Sameer Puri: Thirty times. You’re absolutely right. I mean the ability to review that model 30x blown up. You'll hear users say hey, CEREC makes you a better dentist and that’s exactly why. Because you're blowing up that model, you're looking at every last little detail and if you’re going to mill it chairside and you have to design that restoration, well you have to have a certain smoothness in the preparation, you have to have a certain smoothness in the margins otherwise the burs that mill out that restoration, they’re not going to do a good job. So you're absolutely right that the ability to get instant feedback, the ability to look at your preparations blown up, you’re providing a better service for the patient because you’re giving your laboratory or if you’re milling it yourself, a better impression and you'll just get a better end result and who doesn't want take better care of patients?
Howard Farran: That’s exactly what I’m trying to say is that, if you listen to 100 conversations about CEREC, in my opinion 80% of them are the least important and that’s making and milling and staining and glazing and doing all the stuff like that. When I think of a CEREC, I’m thinking of man, you’re a much better dentist because you got to see your prep 30 times larger and you can sit there and these labs will tell you, it’s got to be higher quality because if you optically send it in, the big labs are saying they only have about 1% remake with their optical sent in impressions and they’re having a 6% remake with impressions sent in.
Sameer Puri: Yeah, no I, like I said before Howard, I mean we trust the digital process in every other aspect of our lives outside of dentistry. Everything that we do is, we’re living in the digital world but for some reason when it comes to dentistry, you know dentists will say well that PVS impression works. How can this digital stuff work? It makes no sense to me and try to convince people that this is a better way to go. I used to, like you said, I used to get into lots of discussions over the years on Dentaltown over CAD CAM and CEREC and this and that, you know I’m at the point now where I just say guys, just try it for yourself. Just see how it works and if it's not better then move on, try something else. Don’t waste your time on it, but the vast majority of people that will actually give it a good try, that will trust the process and go into looking at this technology with an open mind will say you know what, it's no longer the technology that it was 20 years ago where we had to look at a 2D screen and draw these dots and extrapolate…whatever you see in the mouth is blown up 30 times on your screen and you have the ability to fabricate a crown as good as what you get from a laboratory.
Howard Farran: Okay tell me what you think, if my thoughts on this are right or wrong. But my thoughts on the drawing the dots and milling and all that kind of stuff like that is you know, back in the day when I was basically, you know I’m an Impregum user and that’s a 3M ESPE Impregum in the Penta mixer, whatever the heck, when I sent that to the lab, I didn’t do any of the lab work. I didn’t pour up the models and trim my dyes and wax and all that stuff like that and Sameer, truthfully when I got my CEREC machine I did it the same way. I mean when I got done prepping the tooth, the lab man used to do it all so I have four assistants, you know them all and they’ve been doing this stuff for years and years and years, seven eight nine years and I just come back when it’s done. So when dentists ask me how to do the CEREC stuff, I don’t even know what they’re talking about.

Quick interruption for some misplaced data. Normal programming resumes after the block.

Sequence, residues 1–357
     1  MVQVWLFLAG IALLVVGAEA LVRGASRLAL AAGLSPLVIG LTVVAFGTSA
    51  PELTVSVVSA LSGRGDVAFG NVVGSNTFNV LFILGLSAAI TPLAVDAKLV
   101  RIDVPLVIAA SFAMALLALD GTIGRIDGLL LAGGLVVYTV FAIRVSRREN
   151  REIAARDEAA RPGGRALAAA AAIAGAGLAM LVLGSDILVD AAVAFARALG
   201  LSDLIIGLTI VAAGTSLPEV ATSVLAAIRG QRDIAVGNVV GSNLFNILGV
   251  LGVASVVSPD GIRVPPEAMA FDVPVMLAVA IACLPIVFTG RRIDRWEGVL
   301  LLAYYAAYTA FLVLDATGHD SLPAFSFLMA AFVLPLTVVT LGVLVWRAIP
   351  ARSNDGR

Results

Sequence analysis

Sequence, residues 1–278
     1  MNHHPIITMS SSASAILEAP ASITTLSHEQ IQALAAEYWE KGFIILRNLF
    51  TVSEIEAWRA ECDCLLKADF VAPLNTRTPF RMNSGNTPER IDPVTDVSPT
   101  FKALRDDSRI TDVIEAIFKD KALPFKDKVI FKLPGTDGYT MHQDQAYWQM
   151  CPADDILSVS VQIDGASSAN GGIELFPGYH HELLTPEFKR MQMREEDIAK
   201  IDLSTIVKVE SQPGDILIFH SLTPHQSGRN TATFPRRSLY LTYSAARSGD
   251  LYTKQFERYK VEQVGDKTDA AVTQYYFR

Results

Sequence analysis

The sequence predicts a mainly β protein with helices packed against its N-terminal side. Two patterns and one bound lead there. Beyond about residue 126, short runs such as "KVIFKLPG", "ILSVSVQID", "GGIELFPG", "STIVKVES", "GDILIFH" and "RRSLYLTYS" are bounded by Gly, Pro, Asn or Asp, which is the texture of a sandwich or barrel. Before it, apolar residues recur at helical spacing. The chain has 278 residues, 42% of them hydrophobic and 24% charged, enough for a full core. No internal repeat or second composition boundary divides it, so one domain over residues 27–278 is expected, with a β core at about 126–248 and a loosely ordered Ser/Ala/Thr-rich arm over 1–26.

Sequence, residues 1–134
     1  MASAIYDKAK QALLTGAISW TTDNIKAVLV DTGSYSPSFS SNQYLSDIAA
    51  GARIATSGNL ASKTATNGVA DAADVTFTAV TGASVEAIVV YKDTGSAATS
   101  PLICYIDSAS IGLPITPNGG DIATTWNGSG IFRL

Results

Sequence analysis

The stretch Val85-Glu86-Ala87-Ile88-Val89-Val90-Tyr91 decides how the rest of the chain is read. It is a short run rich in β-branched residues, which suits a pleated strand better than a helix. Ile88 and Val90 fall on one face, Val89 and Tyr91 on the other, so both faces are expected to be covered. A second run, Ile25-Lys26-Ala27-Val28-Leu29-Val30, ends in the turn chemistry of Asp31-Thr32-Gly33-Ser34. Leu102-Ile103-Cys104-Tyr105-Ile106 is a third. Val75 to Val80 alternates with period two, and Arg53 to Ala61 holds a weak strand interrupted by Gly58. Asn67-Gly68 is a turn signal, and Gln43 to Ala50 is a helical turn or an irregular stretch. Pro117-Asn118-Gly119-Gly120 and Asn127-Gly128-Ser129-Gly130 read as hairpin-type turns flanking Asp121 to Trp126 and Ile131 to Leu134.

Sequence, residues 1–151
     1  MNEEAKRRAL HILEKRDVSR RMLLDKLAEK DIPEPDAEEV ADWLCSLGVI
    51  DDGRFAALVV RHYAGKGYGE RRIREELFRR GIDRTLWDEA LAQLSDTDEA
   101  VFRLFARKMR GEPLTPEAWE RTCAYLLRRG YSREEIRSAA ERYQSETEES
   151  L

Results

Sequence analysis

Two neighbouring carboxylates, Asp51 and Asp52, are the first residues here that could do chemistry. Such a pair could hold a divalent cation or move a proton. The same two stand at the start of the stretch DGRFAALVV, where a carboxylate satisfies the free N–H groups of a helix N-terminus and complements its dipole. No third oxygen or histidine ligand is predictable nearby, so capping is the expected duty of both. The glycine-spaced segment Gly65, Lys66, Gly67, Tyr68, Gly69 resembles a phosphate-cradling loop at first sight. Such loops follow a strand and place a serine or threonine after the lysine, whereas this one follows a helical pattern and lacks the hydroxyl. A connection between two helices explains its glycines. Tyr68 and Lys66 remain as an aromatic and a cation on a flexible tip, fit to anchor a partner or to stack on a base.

Sameer Puri: You're a smart man Howard, I mean why should it be any other way? Why shouldn’t your team take over? Why should a dentist have to sit there and do all the quote unquote lab work stuff? I 100% agree with you. Anytime I lecture, and I’ve had the opportunity now to lecture for many years and throughout training courses here at CEREC Doctors, we train more CEREC users than anyone in the world. Me personally, I’ve trained more people than anybody in the world and that's not to say you know that I’m something special, it’s just that I’ve had a great opportunity and one of the things I love to tell people is exactly what you said, you should meet, you should have your team as part of the process. The dentist should prep…I would encourage the dentist to scan and at least draw the margin. That way you know that you’ve done a good preparation. You have feedback on your preparation but the design the milling, the stain and glazing, the processing, all of that stuff, the team should be doing it. You take an impression and you trust your laboratory to give you a good crown. This is the same thing, you come back after scanning, let somebody else do all of the other stuff, the quote unquote lab work and then you come back and cement the restoration. There's no difference in doing it with CEREC chairside versus sending it to a laboratory. Somebody else is going to make the crown, you’re going to get a good quality restoration that you’re going to cement in there and to kind of go back to your question earlier, you know why people aren’t doing more digital impressions and doing it chairside, I think one of the reasons for CEREC users at least is that you get into a workflow and you take that impression and you go ahead and prep the tooth and the process of actually fabricating the crown is really not difficult. It's easily delegated so if it’s going to take me, for example I’ve got materials that I have access to that I can mill out a crown in about seven minutes, take about two to three minutes to polish, so within ten minutes, we’re ready to cement that restoration. So if it’s going to take me 10 minutes to get the crown ready to cement, it’s probably going to take longer to make a provisional, put the temporary on, send it off and schedule the patient to come back. Why not just finish it right then and there? That’s why I think you don’t see as many of the CEREC users really utilizing laboratories as much because it’s so easy to do to it chairside but that is a huge under utilized aspect that other doctors can say you know what, just to get my feet wet, why don’t I just get a scanner and start scanning and then later on learn the design process and get my team involved into that.